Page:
An example of age and generation as a determinant of preferences, a survey published by Insider Intelligence states that 56% of Gen Zers, ages 16 to 24, prefer short-form social media platforms, with respondents claiming they had increased their use of Snapchat in the past year, and another 55% of respondents said they are using Instagram more.

On the other hand, Chron magazine reported that the average age of a Facebook user is 40.5, demonstrating how aging millennials (Gen Y) and Gen Xers prefer to consume longer-form social content.

Behavioural targeting is a method used by advertisers and publishers to display relevant ads and marketing messages to their audience based on web-browsing behaviour. This form of advertising relies on behaviour such as the amount of time spent on a website, pages visited, previous search terms used, ads, content, and buttons clicked, date of last visit and other interactions pertinent to their on-site interactions.

Contextual targeting is used for display advertising. Opposite to the approach of behavioural targeting that is user-focused, contextual targeting is a means of advertising content that is delivered based on the context of a particular page. In place of monitoring user activity, ad servers scan and categorise web pages so that there is a direct connection between the contents of a page and the content of an ad delivered. When a user visits a particular page, this sends a request to the ad server that matches the data accordingly. Relevant ad content is delivered to the intended audience but without the same dependence on personal data and user monitoring as behavioural targeting.

Refine Ad Formats & Design

The beauty of working with social platforms like Facebook, Instagram, and Linkedin, to name a few, is that you now have a variety of ad formats to experiment with to help you reach your marketing goals. Each of these formats has its unique strengths and depending on the nature of your product or service and the nature of the message you wish to convey, you can run tests on which platform or medium works best.

For example, if your business sells visually appealing consumer goods, you might want to use collection or carousel ads on Instagram and test their performance against static image ads or videos just to see which yields the most user engagement and conversions.

Once you have run the ads long enough to glean insights into your consumer’s buying behaviour, continually iterate and maintain responsiveness to these indicators.

Determine Promotional & Ad Budgets

After determining your objective, the audience you wish to target, and the paid media channels through which you will convey your marketing messages, it’s time to plan for your advertising costs.

Paid media on social channels behave just like a Google ad auction. Businesses bid for the best advertising positions on peoples’ social media feeds, on pages and in Stories. Should you win the auction, you pay that amount for each corresponding click, view, like, impression, message open, app install, etc that led to the ad conversion.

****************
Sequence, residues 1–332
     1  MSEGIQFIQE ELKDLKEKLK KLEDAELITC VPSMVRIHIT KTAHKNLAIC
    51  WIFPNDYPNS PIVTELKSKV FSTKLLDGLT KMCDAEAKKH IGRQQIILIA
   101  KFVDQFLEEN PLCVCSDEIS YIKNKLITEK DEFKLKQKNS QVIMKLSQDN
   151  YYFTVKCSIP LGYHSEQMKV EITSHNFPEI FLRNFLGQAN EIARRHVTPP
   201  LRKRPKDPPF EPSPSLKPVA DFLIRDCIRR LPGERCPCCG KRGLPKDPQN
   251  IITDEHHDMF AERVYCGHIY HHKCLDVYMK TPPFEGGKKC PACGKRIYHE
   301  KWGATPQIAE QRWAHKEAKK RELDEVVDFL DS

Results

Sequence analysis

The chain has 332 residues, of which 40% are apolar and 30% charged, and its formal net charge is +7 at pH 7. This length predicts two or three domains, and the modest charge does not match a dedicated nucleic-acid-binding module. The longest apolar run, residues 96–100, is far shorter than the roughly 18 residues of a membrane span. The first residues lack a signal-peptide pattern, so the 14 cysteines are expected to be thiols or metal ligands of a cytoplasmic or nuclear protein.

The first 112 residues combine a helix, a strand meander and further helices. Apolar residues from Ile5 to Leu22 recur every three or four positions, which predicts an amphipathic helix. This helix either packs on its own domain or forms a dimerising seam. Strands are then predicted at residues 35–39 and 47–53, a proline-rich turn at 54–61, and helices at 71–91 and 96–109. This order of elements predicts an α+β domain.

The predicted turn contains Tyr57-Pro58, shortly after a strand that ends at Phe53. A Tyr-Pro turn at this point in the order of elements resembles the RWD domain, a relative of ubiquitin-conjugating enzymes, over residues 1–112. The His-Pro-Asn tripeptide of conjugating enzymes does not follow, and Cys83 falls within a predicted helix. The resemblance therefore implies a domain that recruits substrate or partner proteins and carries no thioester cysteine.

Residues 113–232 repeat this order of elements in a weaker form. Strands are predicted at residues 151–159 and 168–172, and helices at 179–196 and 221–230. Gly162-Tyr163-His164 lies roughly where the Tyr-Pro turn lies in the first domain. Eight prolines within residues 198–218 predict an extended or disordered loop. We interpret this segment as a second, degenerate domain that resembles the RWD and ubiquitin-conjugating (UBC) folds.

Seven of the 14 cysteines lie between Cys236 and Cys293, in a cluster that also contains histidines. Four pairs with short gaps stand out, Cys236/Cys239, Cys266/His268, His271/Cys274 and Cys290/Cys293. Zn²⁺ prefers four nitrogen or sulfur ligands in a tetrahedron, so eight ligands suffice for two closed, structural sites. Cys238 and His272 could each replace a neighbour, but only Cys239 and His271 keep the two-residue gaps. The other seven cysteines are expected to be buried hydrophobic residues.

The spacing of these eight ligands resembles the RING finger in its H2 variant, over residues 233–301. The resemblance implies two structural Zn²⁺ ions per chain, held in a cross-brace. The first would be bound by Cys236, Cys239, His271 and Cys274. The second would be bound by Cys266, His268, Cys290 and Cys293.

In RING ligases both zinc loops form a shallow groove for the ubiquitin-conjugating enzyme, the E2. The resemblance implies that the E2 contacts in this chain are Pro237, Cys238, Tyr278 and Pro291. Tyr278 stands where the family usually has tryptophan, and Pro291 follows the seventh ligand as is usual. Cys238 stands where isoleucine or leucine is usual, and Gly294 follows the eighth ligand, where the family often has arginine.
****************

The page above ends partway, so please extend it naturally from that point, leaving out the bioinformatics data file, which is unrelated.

Different platforms charge differently for various ad formats and also have different minimum ad budgets you are required to spend daily. It is wise to map these expenses out in an organised fashion to stay on top of what is being spent for paid ad initiatives in their respective platforms. HubSpot provides marketing budget planning templates and is an invaluable resource for practitioners.

Compose, Promote, and Optimise

Now it is time for the gritty part. Social media platforms have their respective ad builders designed to make the ad creation process as intuitive as possible.

Get creative and keep your message concise while maintaining a natural tone geared towards inviting people to spend a few moments connecting with your brand and your message.

Maintaining a content calendar is also crucial to help steer your paid media messages along a coherent path. The ultimate end is to help you reach the determined goals of your business.

Once you have organised your goals, mapped out your content for their corresponding changes, and scheduled their deployment according to your marketing calendar, it is time to pull the trigger and let your ads out into the wild.

But this is hardly a set it and forget it endeavour. Paid media is a highly iterative process that requires close attention and adaptability on your part.

Optimising your campaigns according to consumer behaviour and dozens of other market signals and maximising the benefits of respective paid media platforms requires a commitment to continual learning on your part. Algorithms change and platforms roll out or discontinue features and functionalities over time.

Ready to take your business to the next level? Find out what our Social Media Marketers can do for you.

Go back to the blog

What to read next?

7 common bookkeeping errors and how to avoid them

How an SEO specialist can boost your online presence

Why technical support roles are crucial for your business